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Tuesday, June 2, 2009

Make Sure You Have Roses In Your Survival Garden

Over the past few months, busy with getting the homestead up and running with the addition of a couple of turkeys, some Cornish game hens, laying hens, and rabbits, not to mention keeping up with the garden, we have been discussing where we were going to put the rose garden. Yes, a rose garden. Well we just discovered we already have a wild rose garden. Yes wild roses that climb to about 10 feet tall. That is one chore we can check off our list as there is already one established and we can harvest the fruit this fall.

That’s right. All roses produce fruit. Rose flowers, like cherry flowers, mature into a sweet fleshy seed filled fruit after pollination. Even the modern carpet roses have fruit bred down to a scant pea size, but they are indeed still there. The reason that so few people recognize rose fruit is that we cut the flowers off before they have a chance to pollinate and form seed.

Rose fruits are called hips. Each kind of rose produces hips of a slightly different size and shape. Some, like rugosa roses, create hips shaped like pumpkins but the size of a shooter marble. Those of old-fashioned eglantine are more football shaped. Modern hybrid tea roses produce great big hips like rugosas but round like a basketball.

Rosa rugosa cultivars produce the fleshiest hips of all Hips start out green as the seed develops inside. With the short days and cold nights of autumn they ripen to bright red, orange or purple. The color tells you when it's ripe. A ripe hip will feel soft to the touch because it's composed of sugar-rich flesh that surrounds the seeds. Rose seeds are packed inside the flesh with a mass of hair like-fibers at the center. Nature's strategy is to lure wild animals to eat rose hips, then carry them far from the mother plant in their stomach. Eventually they are deposited elsewhere. Thus the species is distributed.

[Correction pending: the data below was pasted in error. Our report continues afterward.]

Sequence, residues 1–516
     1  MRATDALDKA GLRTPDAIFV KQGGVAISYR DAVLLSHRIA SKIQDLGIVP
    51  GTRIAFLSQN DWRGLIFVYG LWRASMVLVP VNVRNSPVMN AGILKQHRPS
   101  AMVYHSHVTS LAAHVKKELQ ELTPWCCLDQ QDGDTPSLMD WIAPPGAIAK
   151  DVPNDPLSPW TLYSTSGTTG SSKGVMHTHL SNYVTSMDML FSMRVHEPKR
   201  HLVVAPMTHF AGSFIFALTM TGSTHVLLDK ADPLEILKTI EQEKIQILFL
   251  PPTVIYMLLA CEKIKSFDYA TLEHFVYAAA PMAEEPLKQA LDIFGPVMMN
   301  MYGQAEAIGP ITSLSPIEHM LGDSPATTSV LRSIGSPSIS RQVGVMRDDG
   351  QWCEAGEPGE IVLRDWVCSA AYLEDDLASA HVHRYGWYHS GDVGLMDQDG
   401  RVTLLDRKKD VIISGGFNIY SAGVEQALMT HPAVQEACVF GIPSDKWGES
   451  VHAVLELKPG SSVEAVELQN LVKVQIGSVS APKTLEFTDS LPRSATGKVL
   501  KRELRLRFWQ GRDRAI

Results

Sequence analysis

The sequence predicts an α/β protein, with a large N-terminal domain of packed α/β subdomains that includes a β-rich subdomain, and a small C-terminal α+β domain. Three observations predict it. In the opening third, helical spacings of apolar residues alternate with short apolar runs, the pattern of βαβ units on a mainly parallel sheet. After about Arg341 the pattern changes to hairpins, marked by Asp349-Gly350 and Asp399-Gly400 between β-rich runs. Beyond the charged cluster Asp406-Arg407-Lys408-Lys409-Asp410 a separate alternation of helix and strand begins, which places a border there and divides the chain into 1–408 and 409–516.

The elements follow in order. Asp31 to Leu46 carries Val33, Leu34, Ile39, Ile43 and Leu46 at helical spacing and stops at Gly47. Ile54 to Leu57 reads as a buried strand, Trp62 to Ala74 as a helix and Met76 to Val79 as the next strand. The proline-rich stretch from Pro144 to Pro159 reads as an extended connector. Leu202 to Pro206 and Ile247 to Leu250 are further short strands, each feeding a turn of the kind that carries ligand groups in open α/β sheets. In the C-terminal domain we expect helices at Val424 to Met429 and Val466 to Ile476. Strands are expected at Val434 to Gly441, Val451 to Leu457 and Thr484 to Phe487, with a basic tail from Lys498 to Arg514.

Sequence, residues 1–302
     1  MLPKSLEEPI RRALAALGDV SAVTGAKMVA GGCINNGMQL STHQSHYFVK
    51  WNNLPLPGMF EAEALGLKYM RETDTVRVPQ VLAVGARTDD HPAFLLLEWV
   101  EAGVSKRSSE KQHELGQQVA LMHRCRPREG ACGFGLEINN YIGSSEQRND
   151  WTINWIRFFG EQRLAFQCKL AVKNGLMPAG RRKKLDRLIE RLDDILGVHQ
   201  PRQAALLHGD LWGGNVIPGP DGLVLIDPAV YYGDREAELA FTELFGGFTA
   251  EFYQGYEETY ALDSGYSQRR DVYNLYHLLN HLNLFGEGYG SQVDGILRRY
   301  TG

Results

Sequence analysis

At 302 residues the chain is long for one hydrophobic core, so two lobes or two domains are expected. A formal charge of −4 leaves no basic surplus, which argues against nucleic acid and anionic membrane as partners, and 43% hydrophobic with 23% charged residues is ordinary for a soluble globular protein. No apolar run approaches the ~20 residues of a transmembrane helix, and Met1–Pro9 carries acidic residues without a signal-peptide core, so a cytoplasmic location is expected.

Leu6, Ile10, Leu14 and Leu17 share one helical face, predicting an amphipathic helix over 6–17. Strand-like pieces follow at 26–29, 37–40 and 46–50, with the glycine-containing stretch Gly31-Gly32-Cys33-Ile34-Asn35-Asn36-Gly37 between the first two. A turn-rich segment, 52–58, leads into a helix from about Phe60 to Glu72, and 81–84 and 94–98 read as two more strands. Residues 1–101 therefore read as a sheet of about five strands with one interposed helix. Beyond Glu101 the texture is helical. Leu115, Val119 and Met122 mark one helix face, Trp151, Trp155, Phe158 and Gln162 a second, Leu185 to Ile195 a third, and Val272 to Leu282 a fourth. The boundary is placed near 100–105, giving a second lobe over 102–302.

The flesh of the rose hip is one of the most vitamin rich foods in the world. Ounce for ounce, rose hip pulp contains more Vitamin C than citrus. Added to that is a medicine chest of beta carotene, bioflavinoids, calcium, citrates, citric acid, iron malates, malic acid, niacin, phosphorus and vitamins A, B1, B2, E, K. It's no wonder they've been adding rose hips to Vitamin C for years, and that virtually every culture in the northern hemisphere has used the fruit for medicine. Rose hip tea is a super cold-fighting drink.

Green rose hips are filled with developing seeds To lay in a store of rose hips at the end of your garden season, stop pruning the roses in late summer. This allows the last flush of bloom to pollinate and fruit with enough time to mature before the cold weather. It may not make your autumn roses look that great, but you'll get a much better harvest.

You can preserve your rose hips by freezing or by cooking up a good batch of rose hip jam. Rose hips contain a naturally high level of fruit pectin so you don't need store-bought pectin to make the rose hip jam. Rose hips can also be mixed into other fruit jams to enhance flavor and vitamin content.

It's important to wait until after the first good frost to harvest your rose hips. To make rose hip jam, first gather four cups of ripe hips in a basket and remove residual stems and the calix cleanly. Wash them thoroughly to remove any dust or bugs. Then boil them in four cups water with three tablespoons lemon juice for a half hour or until very soft. This breaks down the rose hip so you can separate out the seeds and fibers from the flesh.

Rose hips still on the dormant rose twig.Use a coarse sieve to press the boiled rose hips through to remove the seeds. Then use a finer sieve to separate the fibers. The result is pure rose hip flesh.

Return the juice and pulp to the boiling pan and stir in two cups of sugar. Bring to a boil, then simmer until it reaches 220 degrees. Turn off heat and ladle into sterilized canning jars.

Soon you can begin spot bright red wild rose hips in abandoned fields and hedgerows. Beware of gathering along roads where herbicides may have been used. If you are a gardener, why not taste that fruit you've so rigorously pruned away and discover the healthy rewards of letting your roses go to seed.


Anonymous said...

Great post. Always good to know what's edible and what's not.

Kentucky Preppers Network

Kymber said...

Lucky, lucky you - you already have an established wild rose bush! we have wild roses in our front yard and a bunch of fancy roses in the backyard left by the previous owner - rose hips are sooo packed with vitamins! this was a great post Pioneer Living!

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